The Origins

The Origins

A story starting from the Roman Age and reaching the present day.

Of Roman origin, Grado (gradus, port) was founded in the 2nd century AD as fisherman’s village and, later, harbour for ships sailing up the river Natissa towards Aquileia.

Grado developed, around the middle of the 5th century AD, when many inhabitants fled to the island to escape the devastating Hun hordes led by Attila which, in 452 AD, destroyed nearby Aquileia.

During that eventful period, the Patriarch of Aquileia moved to Grado and proclaimed himself Patriarch of this site. Grado remained an independent Patriarch site until 1451 even if, in the middle of the 12th century, the Patriarch himself moved his residence to Venice.

Grado thus returned to being a fishermen’s village, and remained so throughout the following centuries, under the Republic of Venice.

From 1797 (with the Treaty di Campoformido) to 1918, it belonged to the Austrian dominions.

In 1892, the Austrian-Hungarian State established the tourism company in Grado to promote its value as a seaside resort and the therapeutic virtues of its “strong marine vapour”. That same year the first European establishment for sand-bathing was inaugurated.

The island, already known as a tourist destination, in the summer of 1856 hosted the writer Ippolito Nievo. The memories of those days are the background of a lovely short story entitled: “Le maghe di Grado”.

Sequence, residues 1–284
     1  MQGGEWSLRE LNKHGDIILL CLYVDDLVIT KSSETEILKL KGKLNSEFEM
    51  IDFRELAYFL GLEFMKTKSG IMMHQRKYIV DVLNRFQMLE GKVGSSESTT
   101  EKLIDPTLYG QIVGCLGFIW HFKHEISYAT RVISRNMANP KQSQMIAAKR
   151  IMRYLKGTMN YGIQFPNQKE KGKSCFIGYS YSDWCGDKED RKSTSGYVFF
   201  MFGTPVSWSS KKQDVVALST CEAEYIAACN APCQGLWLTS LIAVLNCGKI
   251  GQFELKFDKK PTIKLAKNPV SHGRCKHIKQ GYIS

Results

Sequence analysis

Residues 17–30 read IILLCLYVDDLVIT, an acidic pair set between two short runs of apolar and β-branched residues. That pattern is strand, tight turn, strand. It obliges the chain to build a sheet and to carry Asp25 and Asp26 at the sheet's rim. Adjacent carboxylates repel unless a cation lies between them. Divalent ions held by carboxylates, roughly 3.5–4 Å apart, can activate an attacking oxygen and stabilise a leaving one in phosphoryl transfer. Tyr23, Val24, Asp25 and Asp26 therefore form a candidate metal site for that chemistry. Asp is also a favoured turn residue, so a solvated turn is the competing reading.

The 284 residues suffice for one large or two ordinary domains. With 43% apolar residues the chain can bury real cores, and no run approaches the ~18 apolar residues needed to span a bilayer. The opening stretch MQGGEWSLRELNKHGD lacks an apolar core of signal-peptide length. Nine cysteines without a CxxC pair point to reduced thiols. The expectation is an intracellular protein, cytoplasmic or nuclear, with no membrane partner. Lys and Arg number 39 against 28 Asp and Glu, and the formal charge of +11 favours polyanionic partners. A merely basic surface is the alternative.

Ippolito Nievo
Nevertheless I trust that some you might feel the wish to visit those shore to look for what I found there, being confident that they will enjoy the pleasantness of the stay, the comfort of the bathing establishment and the courtesy of the locals


In 1873, Giuseppe Barellai, a paediatrician from Florence, set up the Ospizio Marino for the treatment of respiratory ailments, which is still in use although only for rehabilitation purposes.

In 1936 Grado was finally connected to the mainland by means of a swing bridge (at that time Ponte Littorio, now Ponte Matteotti) which ended its isolation. 

In the early twentieth century, the fisherman’s village hosted personalities the likes of Sigmund FreudLuigi Pirandello and many more; more recently its guests included the soprano Maria Callas, starring in the film Medea directed by Pier Paolo Pasolini, in 1969, also on the islet of Mota Safon